The thing is, this isn’t just a description of a particular African American experience. I myself recognized the dynamic here. In some ways, there is the experience that I had in my brief days in the Bill Gothard cult - religious fanaticism and hypocrisy are much the same everywhere. In others, I see the lives of friends, acquaintances, and clients who survived abusive family situations that were caused or exacerbated by religious fundamentalism. More than anything, I recognize the guilt. The feeling that the mistakes of the parents justify the most extreme measures against the children, to “save” them from making the same mistakes. And when I read of Roy, several faces come to mind immediately.

Even more than that, though, there is John. John is me. But he is also many others. For all of us who have always had the strong desire to be good, who have always wanted desperately to have love and approval. For those of us who felt in some sense that we could never live up to our own ideals, but also could never truly gain the approval of our parents without losing some crucial part of ourselves.

The story becomes even more interesting, though, when one follows the progression past the end of the book.

At the end, John has his salvation experience. He becomes “saved” both from an outside perspective and from his own. He feels he has met God.

Likewise, James Baldwin had a similar experience at age 14. He would go on to become a pentecostal preacher like his stepfather.

But after that, things changed.

In his late teens, Baldwin became disillusioned with religion. As he later explained to Elijah Mohammed (one of the early leaders of the Nation of Islam), “being in the pulpit was like working in the theatre; I was behind the scenes and knew how the illusion was worked.”

It is easy to see this in Go Tell It On The Mountain. On the one hand, John’s experience is treated as being fully genuine. On the other, as Baldwin narrates the story, it is clear that he realizes that much of what is venerated as “true” religion is just smoke and mirrors. It is a craft much like music - or magic. The skilled practitioner can see behind the curtain and explain the emotional manipulation.

I am very much in Baldwin’s camp on this issue. There are indeed many genuine believers, who live out their religion in quiet, largely unnoticed ways. But for the most part, those who garner the attention are all sizzle, and no steak. It is an illusion played to gather money and attention from the masses, with nothing of substance behind it. It is just selling a false promise that everything will be better with a formula of some sort.

One more factor in all of this that struck a chord: Baldwin was gay, as he came to realize. You can see the genesis of this in his obvious attraction to his cousin Elijah, which John sublimates into a religious adoration. Later, Baldwin would write more controversial works about sexuality, which led to him being marginalized in the Civil Rights movement. (At the time, homosexuality was associated with communism and generally treated as suspect, so his existence was inconvenient for the movement.)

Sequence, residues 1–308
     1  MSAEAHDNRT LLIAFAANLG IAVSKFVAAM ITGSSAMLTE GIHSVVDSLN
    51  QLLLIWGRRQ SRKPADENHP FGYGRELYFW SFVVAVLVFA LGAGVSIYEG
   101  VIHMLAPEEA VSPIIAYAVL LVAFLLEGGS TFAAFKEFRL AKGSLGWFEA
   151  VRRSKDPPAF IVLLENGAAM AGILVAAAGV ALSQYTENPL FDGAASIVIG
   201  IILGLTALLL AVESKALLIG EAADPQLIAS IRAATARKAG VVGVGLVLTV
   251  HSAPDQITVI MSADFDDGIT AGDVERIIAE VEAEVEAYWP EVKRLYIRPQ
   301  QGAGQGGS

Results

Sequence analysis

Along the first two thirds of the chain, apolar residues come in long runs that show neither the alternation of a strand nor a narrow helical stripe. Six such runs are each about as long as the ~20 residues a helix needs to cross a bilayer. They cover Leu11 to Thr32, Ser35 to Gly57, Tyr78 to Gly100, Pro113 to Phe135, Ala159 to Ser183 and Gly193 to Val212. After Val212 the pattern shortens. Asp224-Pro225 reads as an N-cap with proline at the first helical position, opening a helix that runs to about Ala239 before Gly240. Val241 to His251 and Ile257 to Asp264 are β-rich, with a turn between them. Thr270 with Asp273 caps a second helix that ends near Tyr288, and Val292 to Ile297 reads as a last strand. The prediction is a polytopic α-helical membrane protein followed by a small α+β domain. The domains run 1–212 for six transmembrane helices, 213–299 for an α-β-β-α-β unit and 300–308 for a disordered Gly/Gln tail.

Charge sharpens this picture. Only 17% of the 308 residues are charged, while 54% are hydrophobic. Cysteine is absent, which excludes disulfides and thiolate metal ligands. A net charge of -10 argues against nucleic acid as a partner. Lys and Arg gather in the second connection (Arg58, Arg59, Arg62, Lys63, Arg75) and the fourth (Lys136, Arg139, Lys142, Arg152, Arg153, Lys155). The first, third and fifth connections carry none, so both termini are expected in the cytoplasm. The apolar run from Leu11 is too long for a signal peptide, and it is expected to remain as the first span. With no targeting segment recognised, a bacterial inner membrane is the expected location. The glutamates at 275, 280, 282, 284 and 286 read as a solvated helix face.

The reason, though, that this struck me was this: starting in my early teens, I have known friends who have come out. Of the young men in particular, I can say this: they are like John. They have generally been the sensitive, kind, young men. The ones most drawn to the things of God. Contrary to the stereotype - and the vile slander heaped on them by the James Dobsons and Bryan Fischers and Duggars of the world - they are not a bunch of godless predators. And they have generally been eaten for lunch by the church.

For Baldwin, one can see how he would notice the illusion. As long as the facade of goodness is maintained, one can hide evil and violence behind the curtain of fanaticism. But for the one who makes that fatal misstep, there is nothing but condemnation and marginalization awaiting.  

There are some lines I think are worth quoting. First is Roy’s response to his mother who tries to convince him that he is lucky to have a father who works to support him.

“Yeah, we don’t know how lucky we is  to have a father what don’t want you to go to movies, and don’t want you to play in the streets, and don’t want you to have no friends, and he don’t want this and he don’t want that, and he don’t want you to do nothing. We so lucky to have a father who just wants us to go to church and read the Bible and beller like a fool in front of the altar and stay home all nice and quite, like a little mouse. Boy, we sure is lucky, all right. Don’t know what I done to be so lucky.”

Surprise, surprise! Cultural Fundamentalism is the same everywhere, isn’t it?

A little later, after Roy gets into a fight, Florence takes her brother to task:

“Don’t you worry about my language, brother,” she said with spirit, “you better start worrying about your life. What these children hear ain’t going to do them near as much harm as what they see.”

“What they see,” his father muttered, “is a poor man trying to serve the Lord. That’s my life.”